For both enterprise IT managers and job seekers, a programming language’s popularity matters a great deal.
IT managers often want their teams to use popular programming languages because those languages are more likely to be supported by a variety of platforms and to be around for a long time. In addition, more help is available on the web for popular languages, and it is easier to find developers who know those languages.
Inversely, job seekers want to learn popular languages because it makes it easier to find and keep a job, and right now, it’s even easier to find training resources. Skills in a popular language are less likely to go out of date.
With all those benefits in mind, several organizations publish lists of the most popular programming languages. However, the criteria they use to evaluate popularity vary widely and can result in very big differences among the lists. For example, one of the most well-known lists is curated by software quality tool vendor Tiobe. Tiobe bases its index on web searches on “the number of skilled engineers world-wide, courses, and third-party vendors.”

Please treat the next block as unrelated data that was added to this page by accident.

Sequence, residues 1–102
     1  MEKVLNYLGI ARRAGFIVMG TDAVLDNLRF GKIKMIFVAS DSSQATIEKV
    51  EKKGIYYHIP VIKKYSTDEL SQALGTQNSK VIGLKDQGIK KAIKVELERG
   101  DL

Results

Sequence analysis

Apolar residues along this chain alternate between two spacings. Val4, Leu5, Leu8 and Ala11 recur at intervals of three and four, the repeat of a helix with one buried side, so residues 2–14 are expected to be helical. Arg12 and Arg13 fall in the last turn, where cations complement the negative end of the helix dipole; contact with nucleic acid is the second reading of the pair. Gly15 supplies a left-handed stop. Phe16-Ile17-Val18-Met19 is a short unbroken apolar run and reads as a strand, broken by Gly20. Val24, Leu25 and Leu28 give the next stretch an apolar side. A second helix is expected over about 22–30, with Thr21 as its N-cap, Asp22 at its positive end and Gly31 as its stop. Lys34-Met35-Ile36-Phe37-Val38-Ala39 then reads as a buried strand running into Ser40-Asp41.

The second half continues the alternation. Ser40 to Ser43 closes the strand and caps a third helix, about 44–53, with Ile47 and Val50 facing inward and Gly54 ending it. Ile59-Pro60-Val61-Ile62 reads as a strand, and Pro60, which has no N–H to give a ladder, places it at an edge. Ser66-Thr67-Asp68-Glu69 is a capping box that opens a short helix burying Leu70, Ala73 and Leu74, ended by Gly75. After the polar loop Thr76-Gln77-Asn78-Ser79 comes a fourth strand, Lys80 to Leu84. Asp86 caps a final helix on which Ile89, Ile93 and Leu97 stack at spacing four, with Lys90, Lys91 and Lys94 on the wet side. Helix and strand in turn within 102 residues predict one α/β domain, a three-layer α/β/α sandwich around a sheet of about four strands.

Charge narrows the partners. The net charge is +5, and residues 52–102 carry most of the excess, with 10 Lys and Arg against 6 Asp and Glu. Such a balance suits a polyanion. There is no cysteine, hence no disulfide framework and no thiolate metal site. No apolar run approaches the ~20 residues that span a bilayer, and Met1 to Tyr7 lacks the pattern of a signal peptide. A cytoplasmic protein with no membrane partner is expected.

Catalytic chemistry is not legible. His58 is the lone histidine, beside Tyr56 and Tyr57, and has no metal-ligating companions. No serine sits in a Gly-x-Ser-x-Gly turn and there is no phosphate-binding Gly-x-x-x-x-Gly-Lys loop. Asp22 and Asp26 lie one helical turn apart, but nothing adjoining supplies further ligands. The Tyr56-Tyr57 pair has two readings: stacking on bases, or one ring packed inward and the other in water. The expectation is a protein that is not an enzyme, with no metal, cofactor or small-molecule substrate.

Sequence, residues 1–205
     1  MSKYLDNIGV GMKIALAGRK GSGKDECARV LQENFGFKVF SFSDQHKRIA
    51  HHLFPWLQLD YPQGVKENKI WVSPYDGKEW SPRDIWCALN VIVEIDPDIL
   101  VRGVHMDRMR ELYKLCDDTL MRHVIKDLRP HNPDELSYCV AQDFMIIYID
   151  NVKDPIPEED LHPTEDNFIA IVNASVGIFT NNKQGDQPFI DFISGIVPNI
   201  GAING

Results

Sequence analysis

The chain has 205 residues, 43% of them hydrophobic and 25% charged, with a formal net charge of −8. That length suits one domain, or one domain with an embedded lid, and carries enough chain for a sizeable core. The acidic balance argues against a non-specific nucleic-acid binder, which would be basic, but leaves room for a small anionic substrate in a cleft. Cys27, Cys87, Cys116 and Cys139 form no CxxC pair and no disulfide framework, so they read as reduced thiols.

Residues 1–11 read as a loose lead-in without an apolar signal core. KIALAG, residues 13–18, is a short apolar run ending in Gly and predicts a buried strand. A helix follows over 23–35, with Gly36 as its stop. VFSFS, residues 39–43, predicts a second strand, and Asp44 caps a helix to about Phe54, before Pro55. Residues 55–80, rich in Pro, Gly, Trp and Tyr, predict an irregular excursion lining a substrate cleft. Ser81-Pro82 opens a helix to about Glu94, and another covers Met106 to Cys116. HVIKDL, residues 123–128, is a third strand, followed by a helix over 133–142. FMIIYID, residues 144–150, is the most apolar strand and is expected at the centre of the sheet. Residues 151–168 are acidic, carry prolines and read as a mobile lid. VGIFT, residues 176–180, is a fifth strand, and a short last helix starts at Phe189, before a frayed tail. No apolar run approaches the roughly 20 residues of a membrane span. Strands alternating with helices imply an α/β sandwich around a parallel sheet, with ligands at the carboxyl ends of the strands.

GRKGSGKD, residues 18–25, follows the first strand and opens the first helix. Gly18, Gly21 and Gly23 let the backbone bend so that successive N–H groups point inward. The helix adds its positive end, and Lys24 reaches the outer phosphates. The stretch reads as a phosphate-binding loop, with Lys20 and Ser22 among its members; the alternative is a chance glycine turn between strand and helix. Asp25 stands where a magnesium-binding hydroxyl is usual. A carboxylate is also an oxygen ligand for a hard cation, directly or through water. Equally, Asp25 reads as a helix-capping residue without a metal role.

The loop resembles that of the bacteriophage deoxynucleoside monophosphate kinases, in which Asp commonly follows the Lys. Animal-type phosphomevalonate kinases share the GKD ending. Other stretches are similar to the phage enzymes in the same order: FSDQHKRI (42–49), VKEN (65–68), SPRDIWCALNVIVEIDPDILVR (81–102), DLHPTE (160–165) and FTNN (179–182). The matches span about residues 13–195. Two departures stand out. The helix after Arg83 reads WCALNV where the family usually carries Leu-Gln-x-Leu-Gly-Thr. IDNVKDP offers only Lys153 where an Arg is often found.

The competing PyPL index bases its rankings on how often people search Google for tutorials on the various languages. GitHub publishes lists based on code used in its repositories. Stack Overflow surveys developers about which languages they like best. And several job boards put out lists based on the number of job openings that include mentions of various languages.
For its list, InformationWeek culled through those published by Tiobe, TyPL, GitHub, StackOverflow, Redmonk, Indeed, and Coding Dojo. Programming languages received a score based on their position in each list, and the following slideshow highlights the 10 languages with the best overall scores. In addition to the 10 in the show, the following five deserve an honorable mention:
Cynthia Harvey is a freelance writer and editor based in the Detroit area. She has been covering the technology industry for more than fifteen years. View Full Bio